Governor: NCAA sanctioned Penn State to weaken it
Thursday, January 3, 2013
STATE COLLEGE, Pa. (AP) — The NCAA overstepped its authority by imposing hefty sanctions on Penn State University in the wake of the Jerry Sandusky child molestation scandal, Pennsylvania Gov. Tom Corbett said Wednesday as he filed a federal antitrust lawsuit against the college athletics governing body.
Corbett said the university and the state have been harmed by what he called “harsh penalties” over the abuse committed by Sandusky, a former assistant football coach. The NCAA “piled on” and acted unlawfully because it stands to benefit from the sanctions, he said.
The 43-page complaint accuses the NCAA of exploiting the Sandusky case, saying its real motives are to “gain leverage in the court of public opinion, boost the reputation and power of the NCAA’s president, enhance the competitive position of certain NCAA members, and weaken a fellow competitor.”
The NCAA released a statement expressing disappointment with Corbett’s action, calling the lawsuit meritless and an “affront” to Sandusky’s victims.
At a news conference in a State College hotel, Corbett accused NCAA officials of inserting themselves into an issue over which they had no authority under their bylaws “and one that was clearly being handled by the justice system.”
Corbett is asking for a permanent injunction to prevent the NCAA from imposing the sanctions, to which the university agreed in July, as well as costs and legal fees.
The Penn State Board of Trustees issued a statement noting the school was not a party to the lawsuit and played no role in preparing it.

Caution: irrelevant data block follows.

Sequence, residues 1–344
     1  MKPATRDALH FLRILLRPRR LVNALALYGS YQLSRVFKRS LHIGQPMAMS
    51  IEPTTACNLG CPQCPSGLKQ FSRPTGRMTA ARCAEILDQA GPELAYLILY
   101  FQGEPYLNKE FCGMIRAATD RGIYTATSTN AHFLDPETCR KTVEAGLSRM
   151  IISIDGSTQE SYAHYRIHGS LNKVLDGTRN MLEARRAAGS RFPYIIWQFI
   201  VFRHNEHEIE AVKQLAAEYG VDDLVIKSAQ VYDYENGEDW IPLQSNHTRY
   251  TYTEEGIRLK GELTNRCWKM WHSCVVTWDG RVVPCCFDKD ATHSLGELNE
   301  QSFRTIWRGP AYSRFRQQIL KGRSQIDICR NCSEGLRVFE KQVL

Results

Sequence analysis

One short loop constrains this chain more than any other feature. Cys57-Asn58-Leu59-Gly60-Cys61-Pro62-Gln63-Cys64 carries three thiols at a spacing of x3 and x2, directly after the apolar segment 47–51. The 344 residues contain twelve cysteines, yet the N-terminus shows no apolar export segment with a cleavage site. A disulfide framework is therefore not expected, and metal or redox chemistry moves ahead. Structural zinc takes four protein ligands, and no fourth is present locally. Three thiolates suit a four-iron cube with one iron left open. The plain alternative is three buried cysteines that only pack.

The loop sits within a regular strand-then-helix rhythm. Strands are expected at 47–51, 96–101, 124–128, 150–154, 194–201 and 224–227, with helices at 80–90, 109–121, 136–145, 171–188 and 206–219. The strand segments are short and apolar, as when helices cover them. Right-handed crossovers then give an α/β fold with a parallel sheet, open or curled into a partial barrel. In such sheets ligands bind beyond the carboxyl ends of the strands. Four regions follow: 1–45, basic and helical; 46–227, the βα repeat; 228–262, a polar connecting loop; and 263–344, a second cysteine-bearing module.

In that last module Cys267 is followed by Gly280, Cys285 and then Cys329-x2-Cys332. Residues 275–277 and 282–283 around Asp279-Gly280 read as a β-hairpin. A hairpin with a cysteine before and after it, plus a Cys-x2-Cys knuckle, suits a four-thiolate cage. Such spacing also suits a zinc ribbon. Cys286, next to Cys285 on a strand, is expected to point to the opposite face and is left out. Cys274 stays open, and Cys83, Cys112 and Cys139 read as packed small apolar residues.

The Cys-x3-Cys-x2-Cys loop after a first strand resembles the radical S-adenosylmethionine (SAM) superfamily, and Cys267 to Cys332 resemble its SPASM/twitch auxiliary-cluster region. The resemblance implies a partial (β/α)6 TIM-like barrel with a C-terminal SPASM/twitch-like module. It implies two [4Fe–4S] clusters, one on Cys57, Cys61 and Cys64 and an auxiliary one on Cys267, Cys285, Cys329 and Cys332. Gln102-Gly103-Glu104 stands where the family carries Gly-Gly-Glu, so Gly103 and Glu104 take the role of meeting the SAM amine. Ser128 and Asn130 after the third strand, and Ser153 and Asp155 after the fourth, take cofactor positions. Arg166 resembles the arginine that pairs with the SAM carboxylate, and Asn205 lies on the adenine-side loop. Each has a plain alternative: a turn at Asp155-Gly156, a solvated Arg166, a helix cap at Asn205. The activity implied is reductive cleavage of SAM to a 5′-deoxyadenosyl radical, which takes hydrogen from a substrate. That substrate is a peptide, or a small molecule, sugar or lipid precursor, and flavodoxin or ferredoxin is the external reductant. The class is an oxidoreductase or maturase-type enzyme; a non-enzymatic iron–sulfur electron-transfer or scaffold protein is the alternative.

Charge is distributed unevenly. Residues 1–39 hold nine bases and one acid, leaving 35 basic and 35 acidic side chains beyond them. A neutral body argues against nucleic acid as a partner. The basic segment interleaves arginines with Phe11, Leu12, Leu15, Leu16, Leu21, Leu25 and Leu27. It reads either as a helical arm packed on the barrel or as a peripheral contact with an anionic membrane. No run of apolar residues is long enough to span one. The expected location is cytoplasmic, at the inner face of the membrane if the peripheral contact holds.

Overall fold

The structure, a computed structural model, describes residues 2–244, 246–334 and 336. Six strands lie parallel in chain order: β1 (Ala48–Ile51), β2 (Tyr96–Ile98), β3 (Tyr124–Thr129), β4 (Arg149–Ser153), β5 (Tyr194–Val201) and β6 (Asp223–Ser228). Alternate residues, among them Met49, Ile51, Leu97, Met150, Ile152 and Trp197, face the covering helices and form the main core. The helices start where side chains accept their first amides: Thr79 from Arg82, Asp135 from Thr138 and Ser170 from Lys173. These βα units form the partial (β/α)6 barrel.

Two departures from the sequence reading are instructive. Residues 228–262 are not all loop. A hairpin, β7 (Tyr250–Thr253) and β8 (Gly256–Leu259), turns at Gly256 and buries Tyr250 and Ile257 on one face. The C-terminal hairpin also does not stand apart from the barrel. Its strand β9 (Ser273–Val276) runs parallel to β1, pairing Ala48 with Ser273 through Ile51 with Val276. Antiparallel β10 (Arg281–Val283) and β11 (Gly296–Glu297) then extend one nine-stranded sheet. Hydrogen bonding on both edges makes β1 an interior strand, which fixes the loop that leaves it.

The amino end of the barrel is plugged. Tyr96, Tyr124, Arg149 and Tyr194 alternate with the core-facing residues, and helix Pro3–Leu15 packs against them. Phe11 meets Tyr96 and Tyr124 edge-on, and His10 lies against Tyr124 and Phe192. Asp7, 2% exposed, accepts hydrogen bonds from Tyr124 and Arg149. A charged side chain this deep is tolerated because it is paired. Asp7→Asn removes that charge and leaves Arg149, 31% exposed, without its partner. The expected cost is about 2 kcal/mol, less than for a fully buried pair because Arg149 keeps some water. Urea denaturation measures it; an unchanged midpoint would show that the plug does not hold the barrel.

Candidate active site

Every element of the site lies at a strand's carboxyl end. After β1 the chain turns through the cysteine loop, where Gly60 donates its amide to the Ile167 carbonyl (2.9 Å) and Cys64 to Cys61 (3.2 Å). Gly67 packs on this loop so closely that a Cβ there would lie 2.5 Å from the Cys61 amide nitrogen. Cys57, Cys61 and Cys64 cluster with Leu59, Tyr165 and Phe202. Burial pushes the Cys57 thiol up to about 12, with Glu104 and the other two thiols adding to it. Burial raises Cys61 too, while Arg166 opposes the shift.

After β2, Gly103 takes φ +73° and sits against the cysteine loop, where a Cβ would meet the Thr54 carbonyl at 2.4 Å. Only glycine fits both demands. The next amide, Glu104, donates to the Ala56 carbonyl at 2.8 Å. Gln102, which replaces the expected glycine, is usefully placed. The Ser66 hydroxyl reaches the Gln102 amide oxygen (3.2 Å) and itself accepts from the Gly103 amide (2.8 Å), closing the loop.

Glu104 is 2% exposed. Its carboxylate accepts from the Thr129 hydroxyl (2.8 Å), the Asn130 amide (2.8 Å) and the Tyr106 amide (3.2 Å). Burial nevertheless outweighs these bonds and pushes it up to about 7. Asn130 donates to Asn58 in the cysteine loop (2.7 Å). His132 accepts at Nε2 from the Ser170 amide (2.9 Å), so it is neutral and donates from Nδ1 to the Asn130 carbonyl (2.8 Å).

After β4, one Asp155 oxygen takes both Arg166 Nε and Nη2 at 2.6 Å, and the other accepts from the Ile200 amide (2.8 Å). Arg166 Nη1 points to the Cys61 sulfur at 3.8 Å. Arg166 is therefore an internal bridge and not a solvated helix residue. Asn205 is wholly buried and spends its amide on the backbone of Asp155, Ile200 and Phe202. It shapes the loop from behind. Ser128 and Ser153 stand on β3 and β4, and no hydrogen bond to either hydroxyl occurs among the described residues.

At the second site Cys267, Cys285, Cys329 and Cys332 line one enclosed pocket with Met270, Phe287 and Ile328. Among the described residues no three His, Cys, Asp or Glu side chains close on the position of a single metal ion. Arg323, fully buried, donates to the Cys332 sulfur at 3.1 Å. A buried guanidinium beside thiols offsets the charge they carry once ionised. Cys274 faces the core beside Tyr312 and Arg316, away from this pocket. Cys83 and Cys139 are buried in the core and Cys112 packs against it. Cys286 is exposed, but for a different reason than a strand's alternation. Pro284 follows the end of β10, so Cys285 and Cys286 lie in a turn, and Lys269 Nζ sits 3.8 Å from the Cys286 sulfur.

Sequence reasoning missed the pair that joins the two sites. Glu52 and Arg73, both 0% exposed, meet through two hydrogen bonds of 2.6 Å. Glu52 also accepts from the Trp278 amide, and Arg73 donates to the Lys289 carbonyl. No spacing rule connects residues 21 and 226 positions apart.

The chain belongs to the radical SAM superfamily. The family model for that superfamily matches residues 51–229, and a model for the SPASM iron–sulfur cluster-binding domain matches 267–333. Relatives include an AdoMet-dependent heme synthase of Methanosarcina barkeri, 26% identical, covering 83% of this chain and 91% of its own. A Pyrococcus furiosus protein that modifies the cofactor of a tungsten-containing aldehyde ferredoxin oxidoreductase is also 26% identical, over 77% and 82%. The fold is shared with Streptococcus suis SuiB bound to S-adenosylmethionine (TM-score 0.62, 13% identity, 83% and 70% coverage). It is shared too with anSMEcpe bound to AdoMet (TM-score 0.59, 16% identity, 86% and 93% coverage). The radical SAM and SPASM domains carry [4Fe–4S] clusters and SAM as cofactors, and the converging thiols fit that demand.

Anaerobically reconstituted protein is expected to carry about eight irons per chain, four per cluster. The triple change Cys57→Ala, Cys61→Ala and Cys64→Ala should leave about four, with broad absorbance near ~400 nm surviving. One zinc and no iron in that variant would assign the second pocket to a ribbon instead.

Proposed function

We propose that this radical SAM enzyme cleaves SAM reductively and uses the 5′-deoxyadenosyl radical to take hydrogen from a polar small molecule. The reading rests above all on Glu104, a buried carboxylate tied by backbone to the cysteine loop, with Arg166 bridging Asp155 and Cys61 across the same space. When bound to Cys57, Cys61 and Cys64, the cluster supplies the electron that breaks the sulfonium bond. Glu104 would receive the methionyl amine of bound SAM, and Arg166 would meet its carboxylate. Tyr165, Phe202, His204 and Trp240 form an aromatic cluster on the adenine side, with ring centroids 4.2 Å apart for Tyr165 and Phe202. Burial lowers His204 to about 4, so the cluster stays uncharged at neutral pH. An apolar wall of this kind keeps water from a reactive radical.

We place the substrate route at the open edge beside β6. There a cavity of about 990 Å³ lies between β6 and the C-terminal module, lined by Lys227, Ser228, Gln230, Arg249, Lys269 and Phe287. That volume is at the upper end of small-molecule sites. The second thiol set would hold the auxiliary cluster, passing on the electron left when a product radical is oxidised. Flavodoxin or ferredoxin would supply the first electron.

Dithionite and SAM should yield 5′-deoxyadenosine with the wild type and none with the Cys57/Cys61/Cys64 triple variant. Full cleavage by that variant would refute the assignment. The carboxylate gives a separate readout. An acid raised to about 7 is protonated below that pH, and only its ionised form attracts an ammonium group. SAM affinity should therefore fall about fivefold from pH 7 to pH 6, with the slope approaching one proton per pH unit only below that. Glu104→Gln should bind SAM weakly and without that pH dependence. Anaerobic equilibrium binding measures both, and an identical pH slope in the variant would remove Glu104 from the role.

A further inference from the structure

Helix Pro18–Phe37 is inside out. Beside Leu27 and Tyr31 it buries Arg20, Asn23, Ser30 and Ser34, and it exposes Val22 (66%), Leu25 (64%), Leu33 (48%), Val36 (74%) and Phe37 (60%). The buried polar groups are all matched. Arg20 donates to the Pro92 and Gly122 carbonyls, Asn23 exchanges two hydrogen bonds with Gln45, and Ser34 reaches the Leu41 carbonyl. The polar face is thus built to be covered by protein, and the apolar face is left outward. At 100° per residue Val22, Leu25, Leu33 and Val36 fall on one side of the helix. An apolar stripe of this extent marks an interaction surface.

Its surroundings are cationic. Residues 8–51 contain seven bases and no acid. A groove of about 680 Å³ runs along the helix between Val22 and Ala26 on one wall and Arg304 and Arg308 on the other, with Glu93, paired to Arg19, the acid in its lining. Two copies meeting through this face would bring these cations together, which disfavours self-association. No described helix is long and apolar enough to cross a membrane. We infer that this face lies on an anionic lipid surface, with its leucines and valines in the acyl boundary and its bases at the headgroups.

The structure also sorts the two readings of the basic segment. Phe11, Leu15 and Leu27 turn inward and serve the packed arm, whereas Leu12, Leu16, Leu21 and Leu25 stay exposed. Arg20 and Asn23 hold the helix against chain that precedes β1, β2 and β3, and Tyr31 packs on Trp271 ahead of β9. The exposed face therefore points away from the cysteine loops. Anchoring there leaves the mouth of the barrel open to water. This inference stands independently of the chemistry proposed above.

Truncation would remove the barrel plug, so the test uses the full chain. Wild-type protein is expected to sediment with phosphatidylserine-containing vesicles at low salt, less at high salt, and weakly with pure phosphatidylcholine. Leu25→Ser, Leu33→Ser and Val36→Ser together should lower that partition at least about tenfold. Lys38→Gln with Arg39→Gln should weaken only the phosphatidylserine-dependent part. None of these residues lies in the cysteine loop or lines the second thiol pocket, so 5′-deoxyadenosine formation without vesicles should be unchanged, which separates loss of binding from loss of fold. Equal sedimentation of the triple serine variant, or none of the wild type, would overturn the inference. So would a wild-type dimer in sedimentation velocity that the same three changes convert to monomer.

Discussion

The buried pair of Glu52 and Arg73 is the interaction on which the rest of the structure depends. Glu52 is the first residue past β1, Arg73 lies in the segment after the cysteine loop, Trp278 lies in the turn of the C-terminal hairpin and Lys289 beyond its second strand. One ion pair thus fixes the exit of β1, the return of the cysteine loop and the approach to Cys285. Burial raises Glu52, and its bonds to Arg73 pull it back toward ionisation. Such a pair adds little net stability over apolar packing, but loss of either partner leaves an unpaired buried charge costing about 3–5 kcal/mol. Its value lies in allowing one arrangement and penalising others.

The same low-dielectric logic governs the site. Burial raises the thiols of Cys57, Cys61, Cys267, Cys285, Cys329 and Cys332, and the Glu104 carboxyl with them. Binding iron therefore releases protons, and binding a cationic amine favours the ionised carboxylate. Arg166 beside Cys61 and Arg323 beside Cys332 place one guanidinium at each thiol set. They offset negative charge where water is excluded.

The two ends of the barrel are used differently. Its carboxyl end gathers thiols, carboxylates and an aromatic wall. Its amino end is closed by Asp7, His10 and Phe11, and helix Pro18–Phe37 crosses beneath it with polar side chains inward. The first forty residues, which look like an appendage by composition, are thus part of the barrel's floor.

Corbett said he waited until now to file the lawsuit because he wanted to thoroughly research the legal issues and did not want it to interfere with football season.
The university has agreed to pay a $60 million fine for child abuse prevention grants and to endure a four-year bowl game ban for the university’s football program, a loss of footballs scholarships and other penalties.
When the deal was announced, Corbett — who is a member of the university’s board of trustees — said he wanted assurance tax money would not go toward the fine, and added that part of the “corrective process is to accept the serious penalties.”
When the sanctions were announced, Corbett expressed relief that Penn State had escaped the “death penalty” that would have dismantled the football program for a season or more.
The NCAA agreement has been unpopular with a significant portion of the university community, but Corbett, who is up for re-election next year, deflected a question about whether his response has helped or hurt him politically.
“We’re not going to get into the politics of this,” he said. An outside law firm was being retained to handle the matter, but Corbett’s general counsel did not provide an estimate of cost.
“Any of the costs associated with this ... pale in comparison” with the losses people have already suffered, said Corbett’s top legal adviser, James Schultz.
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